Rosemary and sea salt roasted almonds

I'll bet you've bought your turkey. You may even have it brining or marinating right now. I'll bet you've got cranberries. And pumpkin puree. And probably enough potatoes to feed the neighborhood. I know I do.

This will be my first time hosting Thanksgiving. Know that when I say "hosting," I don't mean the entire extended family will be showing up at my doorstep at dinnertime expecting a great meal. Instead, I mean Mike, myself, and two of Mike's work friends will be there. I'm considering it a Thanksgiving practice run - a less-pressure Turkey Day that will prepare me for hosting a larger group in future years. And considering I've never actually roasted a turkey (because who roasts a whole turkey any other day of the year), I am grateful for that.

Nevertheless, I am prepared. I've got my "Thanksgiving Countdown" schedule that lists what needs to be prepped, baked, chilled and roasted at what time, for how long, and at what temperature. This might seem psychotic to some of you, but when I'm cool and collected while whisking gravy with one hand and mashing potatoes with the other, it's because I had a plan. Now let's just hope that turkey doesn't take longer than expected...
One thing many Thanksgiving chefs neglect is appetizers, and honestly, nobody's going to blame you if you do. If someone complains about a lack of snacks when you already have a big bird and 4+ sides to prepare in perfect synchrony, please escort them to the door. But these roasted almonds can easily be prepared days in advance, and they're fancy enough for guests.

There are a few major ways to roast nuts. One method uses a bit of oil or melted butter to coat the nuts and help the added flavors and spices stick. In fact, when nuts are heated, some of their natural oils are released, and extra oil may not be necessary if the spices are added halfway through the roasting time. This method - the one I used here - results in a more dry-roasted nut. Another method involves folding the nuts into whipped egg whites with whatever flavors you choose. This process creates a crunchy crust on the outside of the nut; you've probably eaten spiced cocktail nuts made this way. Both results are delicious, exceptionally easy, and so much cheaper than buying pre-roasted, spiced nuts. So go forth and get yourself a $9.99 bag of raw almonds from Costco, add your own flair, and impress your friends.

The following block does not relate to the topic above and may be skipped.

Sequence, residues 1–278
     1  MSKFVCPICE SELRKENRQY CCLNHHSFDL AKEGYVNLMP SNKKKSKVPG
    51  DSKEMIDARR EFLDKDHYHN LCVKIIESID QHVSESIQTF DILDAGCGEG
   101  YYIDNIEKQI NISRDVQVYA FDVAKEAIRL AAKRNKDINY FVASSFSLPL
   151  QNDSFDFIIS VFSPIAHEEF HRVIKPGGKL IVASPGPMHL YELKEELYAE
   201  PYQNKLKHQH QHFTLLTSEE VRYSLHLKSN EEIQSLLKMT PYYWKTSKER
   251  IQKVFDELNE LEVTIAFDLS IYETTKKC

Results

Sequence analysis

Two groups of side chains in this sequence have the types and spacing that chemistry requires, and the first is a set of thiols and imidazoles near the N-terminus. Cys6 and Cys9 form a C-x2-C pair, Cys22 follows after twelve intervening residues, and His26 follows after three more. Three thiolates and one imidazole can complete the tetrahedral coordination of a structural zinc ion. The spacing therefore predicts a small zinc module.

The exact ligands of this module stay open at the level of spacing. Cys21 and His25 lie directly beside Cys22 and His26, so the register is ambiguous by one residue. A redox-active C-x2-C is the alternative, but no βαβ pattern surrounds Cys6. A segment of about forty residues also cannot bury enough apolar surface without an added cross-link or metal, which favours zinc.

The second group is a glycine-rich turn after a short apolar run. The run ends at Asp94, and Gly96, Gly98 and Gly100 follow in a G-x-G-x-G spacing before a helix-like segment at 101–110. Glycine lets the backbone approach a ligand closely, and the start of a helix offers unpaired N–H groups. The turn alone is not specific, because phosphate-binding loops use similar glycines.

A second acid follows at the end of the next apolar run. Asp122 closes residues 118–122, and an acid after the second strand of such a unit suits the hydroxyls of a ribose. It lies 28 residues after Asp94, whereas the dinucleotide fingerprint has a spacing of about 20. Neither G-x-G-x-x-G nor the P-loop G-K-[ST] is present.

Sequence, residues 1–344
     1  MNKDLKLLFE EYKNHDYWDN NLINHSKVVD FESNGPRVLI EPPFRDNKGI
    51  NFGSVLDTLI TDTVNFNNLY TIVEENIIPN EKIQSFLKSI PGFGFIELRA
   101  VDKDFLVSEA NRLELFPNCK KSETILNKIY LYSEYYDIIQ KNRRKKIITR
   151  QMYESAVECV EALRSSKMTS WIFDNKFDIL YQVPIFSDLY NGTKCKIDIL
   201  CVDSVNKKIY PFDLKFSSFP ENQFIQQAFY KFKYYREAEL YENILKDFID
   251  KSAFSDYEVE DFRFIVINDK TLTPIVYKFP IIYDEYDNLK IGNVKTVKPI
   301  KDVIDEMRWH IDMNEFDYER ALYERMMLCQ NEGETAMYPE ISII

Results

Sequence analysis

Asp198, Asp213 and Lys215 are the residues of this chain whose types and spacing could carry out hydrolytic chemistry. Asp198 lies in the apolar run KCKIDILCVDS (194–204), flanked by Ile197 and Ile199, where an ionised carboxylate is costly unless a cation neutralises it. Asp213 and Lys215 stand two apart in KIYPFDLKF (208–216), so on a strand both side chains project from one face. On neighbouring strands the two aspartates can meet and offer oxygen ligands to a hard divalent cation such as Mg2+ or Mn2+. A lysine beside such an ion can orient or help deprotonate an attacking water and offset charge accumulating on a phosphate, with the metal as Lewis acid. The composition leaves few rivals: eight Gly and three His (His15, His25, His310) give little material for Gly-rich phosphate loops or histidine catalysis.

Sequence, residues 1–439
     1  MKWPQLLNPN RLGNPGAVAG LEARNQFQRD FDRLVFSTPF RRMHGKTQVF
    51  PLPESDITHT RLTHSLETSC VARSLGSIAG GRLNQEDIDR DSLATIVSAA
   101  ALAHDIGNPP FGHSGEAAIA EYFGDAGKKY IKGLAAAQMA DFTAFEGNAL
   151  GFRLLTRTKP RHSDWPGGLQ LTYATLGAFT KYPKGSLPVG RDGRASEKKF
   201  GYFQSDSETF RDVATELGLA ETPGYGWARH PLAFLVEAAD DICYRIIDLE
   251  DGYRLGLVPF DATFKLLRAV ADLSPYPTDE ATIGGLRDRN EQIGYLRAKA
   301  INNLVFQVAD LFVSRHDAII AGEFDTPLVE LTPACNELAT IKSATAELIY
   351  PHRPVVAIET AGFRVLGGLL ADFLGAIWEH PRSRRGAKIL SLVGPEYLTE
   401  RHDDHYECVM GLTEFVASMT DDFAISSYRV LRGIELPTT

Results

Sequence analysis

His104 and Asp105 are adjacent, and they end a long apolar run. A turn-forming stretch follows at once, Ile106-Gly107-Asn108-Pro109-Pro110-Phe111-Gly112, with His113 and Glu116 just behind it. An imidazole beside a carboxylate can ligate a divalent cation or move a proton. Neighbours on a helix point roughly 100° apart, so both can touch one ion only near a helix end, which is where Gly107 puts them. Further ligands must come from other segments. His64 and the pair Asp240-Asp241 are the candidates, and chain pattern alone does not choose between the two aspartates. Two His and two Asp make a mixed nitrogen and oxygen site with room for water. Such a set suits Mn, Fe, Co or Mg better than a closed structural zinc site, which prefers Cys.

Rosemary and sea salt roasted almonds
Makes 3 cups

3 cups raw almonds
2 teaspoons oil
1 tablespoon chopped fresh rosemary
2 teaspoons coarsely ground sea salt
  1. Preheat oven to 300F. Scatter the raw almonds on a baking sheet and bake for 15 minutes. 
  2. While the almonds are still hot, dump them into a bowl and toss with the oil to coat lightly. Add the rosemary and sea salt and toss again. Transfer the nuts back onto the baking sheet, sprinkling with any rosemary and salt left in the bottom of the bowl. 
  3. Return the nuts to the baking sheet and roast another 15 minutes. Let cool completely before eating for maximum crunch. Store in an airtight container for up to 3 weeks. 

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